International Science Index


10011899

Machine Learning Facing Behavioral Noise Problem in an Imbalanced Data Using One Side Behavioral Noise Reduction: Application to a Fraud Detection

Abstract:With the expansion of machine learning and data mining in the context of Big Data analytics, the common problem that affects data is class imbalance. It refers to an imbalanced distribution of instances belonging to each class. This problem is present in many real world applications such as fraud detection, network intrusion detection, medical diagnostics, etc. In these cases, data instances labeled negatively are significantly more numerous than the instances labeled positively. When this difference is too large, the learning system may face difficulty when tackling this problem, since it is initially designed to work in relatively balanced class distribution scenarios. Another important problem, which usually accompanies these imbalanced data, is the overlapping instances between the two classes. It is commonly referred to as noise or overlapping data. In this article, we propose an approach called: One Side Behavioral Noise Reduction (OSBNR). This approach presents a way to deal with the problem of class imbalance in the presence of a high noise level. OSBNR is based on two steps. Firstly, a cluster analysis is applied to groups similar instances from the minority class into several behavior clusters. Secondly, we select and eliminate the instances of the majority class, considered as behavioral noise, which overlap with behavior clusters of the minority class. The results of experiments carried out on a representative public dataset confirm that the proposed approach is efficient for the treatment of class imbalances in the presence of noise.
References:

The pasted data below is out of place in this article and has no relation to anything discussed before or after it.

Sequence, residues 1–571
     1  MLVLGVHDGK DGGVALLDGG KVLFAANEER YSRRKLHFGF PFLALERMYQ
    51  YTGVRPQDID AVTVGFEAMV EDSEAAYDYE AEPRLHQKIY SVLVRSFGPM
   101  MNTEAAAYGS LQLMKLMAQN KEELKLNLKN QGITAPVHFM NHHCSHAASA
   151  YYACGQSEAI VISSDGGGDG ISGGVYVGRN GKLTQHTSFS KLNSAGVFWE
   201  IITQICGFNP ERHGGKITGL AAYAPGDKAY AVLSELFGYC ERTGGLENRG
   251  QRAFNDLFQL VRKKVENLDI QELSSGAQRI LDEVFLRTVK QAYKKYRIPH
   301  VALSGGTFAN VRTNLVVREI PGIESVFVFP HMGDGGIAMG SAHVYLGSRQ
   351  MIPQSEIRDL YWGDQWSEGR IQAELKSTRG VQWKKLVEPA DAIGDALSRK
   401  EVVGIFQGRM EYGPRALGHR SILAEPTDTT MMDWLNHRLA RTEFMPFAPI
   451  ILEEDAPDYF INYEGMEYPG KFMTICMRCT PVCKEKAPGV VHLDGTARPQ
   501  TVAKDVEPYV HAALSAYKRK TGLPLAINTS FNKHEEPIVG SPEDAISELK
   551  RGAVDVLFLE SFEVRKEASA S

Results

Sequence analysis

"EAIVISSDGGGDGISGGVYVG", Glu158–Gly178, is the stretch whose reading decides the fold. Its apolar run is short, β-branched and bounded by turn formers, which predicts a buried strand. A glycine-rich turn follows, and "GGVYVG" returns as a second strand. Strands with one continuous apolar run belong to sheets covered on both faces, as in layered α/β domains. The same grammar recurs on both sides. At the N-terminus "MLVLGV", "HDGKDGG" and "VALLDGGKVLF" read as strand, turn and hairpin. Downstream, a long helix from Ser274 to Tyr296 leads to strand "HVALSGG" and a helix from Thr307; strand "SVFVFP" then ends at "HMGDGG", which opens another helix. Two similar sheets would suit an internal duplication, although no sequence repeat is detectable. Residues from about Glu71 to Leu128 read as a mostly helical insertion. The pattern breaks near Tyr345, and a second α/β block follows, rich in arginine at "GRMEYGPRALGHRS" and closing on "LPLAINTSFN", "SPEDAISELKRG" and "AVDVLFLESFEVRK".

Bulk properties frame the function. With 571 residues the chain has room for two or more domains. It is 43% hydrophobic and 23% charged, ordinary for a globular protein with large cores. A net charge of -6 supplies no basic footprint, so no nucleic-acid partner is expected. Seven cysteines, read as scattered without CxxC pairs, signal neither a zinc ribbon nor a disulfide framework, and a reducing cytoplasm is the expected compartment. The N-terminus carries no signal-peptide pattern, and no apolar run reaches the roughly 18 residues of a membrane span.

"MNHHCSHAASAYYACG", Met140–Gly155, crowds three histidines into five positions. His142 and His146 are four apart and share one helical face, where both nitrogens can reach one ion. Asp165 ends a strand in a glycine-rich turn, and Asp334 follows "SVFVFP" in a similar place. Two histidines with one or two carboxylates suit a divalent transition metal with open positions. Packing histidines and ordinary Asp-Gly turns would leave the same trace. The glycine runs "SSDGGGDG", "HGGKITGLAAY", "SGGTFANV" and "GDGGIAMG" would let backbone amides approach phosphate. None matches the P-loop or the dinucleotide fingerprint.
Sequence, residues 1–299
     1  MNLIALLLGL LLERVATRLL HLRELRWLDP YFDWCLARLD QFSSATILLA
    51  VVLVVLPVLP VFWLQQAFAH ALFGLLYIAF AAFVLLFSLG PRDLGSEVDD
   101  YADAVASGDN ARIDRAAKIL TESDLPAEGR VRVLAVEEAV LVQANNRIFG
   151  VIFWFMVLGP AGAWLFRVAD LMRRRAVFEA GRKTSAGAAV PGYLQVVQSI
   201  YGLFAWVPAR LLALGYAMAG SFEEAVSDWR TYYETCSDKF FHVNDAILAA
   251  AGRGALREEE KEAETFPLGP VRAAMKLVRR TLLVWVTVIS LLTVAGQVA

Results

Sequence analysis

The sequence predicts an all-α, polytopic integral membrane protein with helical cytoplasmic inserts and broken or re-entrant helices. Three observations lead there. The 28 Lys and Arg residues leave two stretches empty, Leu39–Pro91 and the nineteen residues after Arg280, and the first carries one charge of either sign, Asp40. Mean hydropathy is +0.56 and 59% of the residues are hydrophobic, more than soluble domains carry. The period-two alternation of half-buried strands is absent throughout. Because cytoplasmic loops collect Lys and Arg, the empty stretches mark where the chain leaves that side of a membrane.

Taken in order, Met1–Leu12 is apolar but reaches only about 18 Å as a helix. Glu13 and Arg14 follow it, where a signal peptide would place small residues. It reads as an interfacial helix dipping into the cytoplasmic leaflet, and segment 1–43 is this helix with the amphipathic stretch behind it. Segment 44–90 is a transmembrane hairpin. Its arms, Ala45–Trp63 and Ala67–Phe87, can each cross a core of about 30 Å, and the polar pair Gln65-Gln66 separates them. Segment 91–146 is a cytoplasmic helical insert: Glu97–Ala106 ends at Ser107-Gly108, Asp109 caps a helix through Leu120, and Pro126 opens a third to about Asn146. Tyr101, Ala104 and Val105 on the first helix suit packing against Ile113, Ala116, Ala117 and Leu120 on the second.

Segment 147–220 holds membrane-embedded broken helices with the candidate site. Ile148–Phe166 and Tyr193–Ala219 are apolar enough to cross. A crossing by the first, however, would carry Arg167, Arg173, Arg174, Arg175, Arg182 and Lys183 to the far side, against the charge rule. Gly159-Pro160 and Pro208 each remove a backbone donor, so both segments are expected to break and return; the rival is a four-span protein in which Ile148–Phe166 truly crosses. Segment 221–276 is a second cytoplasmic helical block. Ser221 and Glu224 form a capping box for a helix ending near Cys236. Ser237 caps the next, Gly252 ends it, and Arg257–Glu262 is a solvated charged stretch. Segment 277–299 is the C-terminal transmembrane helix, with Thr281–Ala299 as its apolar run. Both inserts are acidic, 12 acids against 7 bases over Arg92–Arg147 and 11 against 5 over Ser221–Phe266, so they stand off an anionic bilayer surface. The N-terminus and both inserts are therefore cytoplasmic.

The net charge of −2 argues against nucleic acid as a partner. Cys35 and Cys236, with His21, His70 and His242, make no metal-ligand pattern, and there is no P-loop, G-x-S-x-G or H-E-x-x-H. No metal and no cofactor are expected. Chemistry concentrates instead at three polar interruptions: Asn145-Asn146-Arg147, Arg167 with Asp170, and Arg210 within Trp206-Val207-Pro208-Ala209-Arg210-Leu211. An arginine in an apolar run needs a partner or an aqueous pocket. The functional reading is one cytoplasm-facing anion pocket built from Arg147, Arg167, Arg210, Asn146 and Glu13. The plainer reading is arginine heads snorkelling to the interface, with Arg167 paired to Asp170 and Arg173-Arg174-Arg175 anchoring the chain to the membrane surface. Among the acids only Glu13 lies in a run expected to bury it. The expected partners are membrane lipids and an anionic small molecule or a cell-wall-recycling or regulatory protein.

[1] N. Japkowicz and S. Stephen, “The class imbalance problem: A systematic study,” Intelligent data analysis, vol. 6, no. 5, pp. 429–449, 2002.
[2] A. Ali, S. M. Shamsuddin, and A. Ralescu, “Classification with class imbalance problem: a review,” Int. J. Advance Soft Compu. Appl, vol. 7, no. 3, pp. 176–204, 2015.
[3] A. Dal Pozzolo, O. Caelen, R. A. Johnson, and G. Bontempi, “Calibrating probability with undersampling for unbalanced classification,” in 2015 IEEE Symposium Series on Computational Intelligence, pp. 159–166, IEEE, 2015.
[4] B. Krawczyk, “Learning from imbalanced data: open challenges and future directions,” Progress in Artificial Intelligence, vol. 5, no. 4, pp. 221–232, 2016.
[5] H. Alberto Fernández, L. Salvador García, G. Mikel, C. P. Ronaldo, K. Bartosz, and H. Francisco, Learning from imbalanced data sets. Springer International Publishing, 2018.
[6] C. Seiffert, T. M. Khoshgoftaar, J. Van Hulse, and A. Folleco, “An empirical study of the classification performance of learners on imbalanced and noisy software quality data,” Information Sciences, vol. 259, pp. 571–595, 2014.
[7] Y. Sun, A. K. Wong, and M. S. Kamel, “Classification of imbalanced data: A review,” International journal of pattern recognition and artificial intelligence, vol. 23, no. 04, pp. 687–719, 2009.
[8] Y. Sui, M. Yu, H. Hong, and X. Pan, “Learning from imbalanced data: A comparative study,” in International Symposium on Security and Privacy in Social Networks and Big Data, pp. 264–274, Springer, 2019.
[9] W.-C. Lin, C.-F. Tsai, Y.-H. Hu, and J.-S. Jhang, “Clustering-based undersampling in class-imbalanced data,” Information Sciences, vol. 409, pp. 17–26, 2017.
[10] G. Douzas, F. Bacao, and F. Last, “Improving imbalanced learning through a heuristic oversampling method based on k-means and smote,” Information Sciences, vol. 465, pp. 1–20, 2018.
[11] Y. Sun, M. S. Kamel, A. K.Wong, and Y.Wang, “Cost-sensitive boosting for classification of imbalanced data,” Pattern Recognition, vol. 40, no. 12, pp. 3358–3378, 2007.
[12] M. Galar, A. Fernández, E. Barrenechea, and F. Herrera, “Eusboost: Enhancing ensembles for highly imbalanced data-sets by evolutionary undersampling,” Pattern recognition, vol. 46, no. 12, pp. 3460–3471, 2013.
[13] P. Hart, “The condensed nearest neighbor rule (corresp.),” IEEE transactions on information theory, vol. 14, no. 3, pp. 515–516, 1968.
[14] I. Tomek, “Two modifications of cnn,” IEEE Transactions on Systems, Man, and Cybernetics, vol. 7(2), pp. 679–772, 1976.
[15] D. L. Wilson, “Asymptotic properties of nearest neighbor rules using edited data,” IEEE Transactions on Systems, Man, and Cybernetics, no. 3, pp. 408–421, 1972.
[16] J. Laurikkala, “Improving identification of difficult small classes by balancing class distribution,” in Conference on Artificial Intelligence in Medicine in Europe, pp. 63–66, Springer, 2001.
[17] I. Tomek, “An experiment with the edited nearest-neighbor rule.,” 1976.
[18] M. Kubat and S. Matwin, “Addressing the curse of imbalanced training sets: one-sided selection,” in Icml, vol. 97, pp. 179–186, Nashville, USA, 1997.
[19] H. He and E. A. Garcia, “Learning from imbalanced data,” IEEE Transactions on knowledge and data engineering, vol. 21, no. 9, pp. 1263–1284, 2009.